Though it looks likely that a 24 percent raise for all elected officials will win approval by the Baltimore City Council on Monday, taxpayers will get a chance to add their two cents' worth in a 10 a.m. public hearing at City Hall today.
Councilman Martin E. "Mike" Curran, who drafted the raise proposal and who will head the hearing, said his aim is to make the pay comparable with that of surrounding county council members.
The proposal would increase the annual salaries from $29,000 to $36,000.
"This raise is long overdue," said Mr. Curran, who will retire from the council in December. "If we don't get it done now, it will be another four years."
The 19-member council can only raise elected officials' salaries every four years, and raises can go into effect only for the next elected council.
Mr. Curran's raise proposal must be approved by the council and signed by the mayor before Dec. 4, the last day of this four-year council term. The last raise for elected officials was in 1987.
An overwhelming majority of the council supports the proposal, which includes a 33 percent increase for the mayor and increases of 22 percent for both the city council president and the comptroller.
Mr. Curran said raises have been stymied for so long because of suspected voter outrage and because of the city's long-standing money crunch.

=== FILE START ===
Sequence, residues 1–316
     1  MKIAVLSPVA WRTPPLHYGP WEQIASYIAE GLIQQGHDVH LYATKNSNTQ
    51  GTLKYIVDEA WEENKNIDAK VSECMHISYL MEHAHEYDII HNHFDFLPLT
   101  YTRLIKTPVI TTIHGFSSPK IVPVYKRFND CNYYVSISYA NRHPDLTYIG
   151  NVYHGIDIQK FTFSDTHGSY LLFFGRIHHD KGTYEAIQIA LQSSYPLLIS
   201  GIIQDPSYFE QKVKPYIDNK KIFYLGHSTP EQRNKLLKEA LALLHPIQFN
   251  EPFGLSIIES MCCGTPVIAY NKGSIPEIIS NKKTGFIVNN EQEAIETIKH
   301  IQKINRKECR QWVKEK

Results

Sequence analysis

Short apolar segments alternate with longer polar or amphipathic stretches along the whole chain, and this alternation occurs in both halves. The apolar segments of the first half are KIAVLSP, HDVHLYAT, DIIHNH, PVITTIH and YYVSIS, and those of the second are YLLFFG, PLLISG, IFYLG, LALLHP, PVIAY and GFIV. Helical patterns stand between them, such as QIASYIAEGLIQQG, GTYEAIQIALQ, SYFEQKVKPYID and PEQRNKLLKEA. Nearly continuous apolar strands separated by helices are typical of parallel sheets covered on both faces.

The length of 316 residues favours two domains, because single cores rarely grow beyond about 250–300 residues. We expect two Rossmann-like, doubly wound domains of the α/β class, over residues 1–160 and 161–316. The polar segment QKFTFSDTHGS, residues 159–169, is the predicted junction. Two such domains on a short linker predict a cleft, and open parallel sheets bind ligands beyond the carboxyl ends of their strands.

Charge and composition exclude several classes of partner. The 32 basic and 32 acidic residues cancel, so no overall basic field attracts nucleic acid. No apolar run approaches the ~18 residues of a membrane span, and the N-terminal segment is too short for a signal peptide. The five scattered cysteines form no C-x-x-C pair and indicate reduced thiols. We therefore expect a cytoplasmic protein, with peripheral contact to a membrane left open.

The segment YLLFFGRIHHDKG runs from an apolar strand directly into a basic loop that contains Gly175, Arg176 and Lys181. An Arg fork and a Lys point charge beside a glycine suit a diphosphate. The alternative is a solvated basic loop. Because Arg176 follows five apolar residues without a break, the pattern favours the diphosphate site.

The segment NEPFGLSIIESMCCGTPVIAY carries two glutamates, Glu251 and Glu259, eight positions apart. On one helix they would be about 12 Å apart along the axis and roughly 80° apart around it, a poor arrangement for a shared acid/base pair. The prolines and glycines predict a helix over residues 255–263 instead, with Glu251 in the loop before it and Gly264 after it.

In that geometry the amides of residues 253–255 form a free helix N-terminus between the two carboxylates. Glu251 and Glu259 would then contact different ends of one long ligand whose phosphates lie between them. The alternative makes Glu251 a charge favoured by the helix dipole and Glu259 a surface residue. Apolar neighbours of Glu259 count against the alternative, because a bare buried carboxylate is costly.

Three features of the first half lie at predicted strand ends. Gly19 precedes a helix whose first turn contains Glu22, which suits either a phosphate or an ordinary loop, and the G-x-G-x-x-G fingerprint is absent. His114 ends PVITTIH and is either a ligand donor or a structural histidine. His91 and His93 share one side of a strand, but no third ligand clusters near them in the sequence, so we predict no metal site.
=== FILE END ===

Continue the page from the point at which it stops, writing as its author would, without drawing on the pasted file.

Always a sensitive issue with voters, the raise proposal was whisked through the Oct. 23 council meeting without discussion. And today's hearing, which could have been held anytime after that council meeting, was scheduled for after Tuesday's election.
Second District Councilwoman Paula Johnson Branch said that council members treat their positions as full-time jobs and that few people would stay in a position that has paid the same since 1987.
"The council has not had an increase for eight years," said Councilwoman Branch. "The constituents for some reason are not that sympathetic toward us. They won't look at the whole picture."
Irene B. Dandridge, co-president of the Baltimore Teachers Union, offered an explanation of the voters' lack of sympathy. It's "because everybody is hanging by their fingernails," said Mrs. Dandridge, who is angry about a 100-teacher layoff that may occur because of the school budget shortfall. "I can't see the city council or the mayor" considering a raise, she said. "If we are in this together, then we all have to take our lumps."
Funding the proposed city raises amounts to only $139,000, "so the fiscal impact would not be that much," said city budget director Edward J. Gallagher.
The raise would increase the mayor's salary from $60,000 to $80,000, and the council president's and comptroller's salaries from $53,000 to $65,000.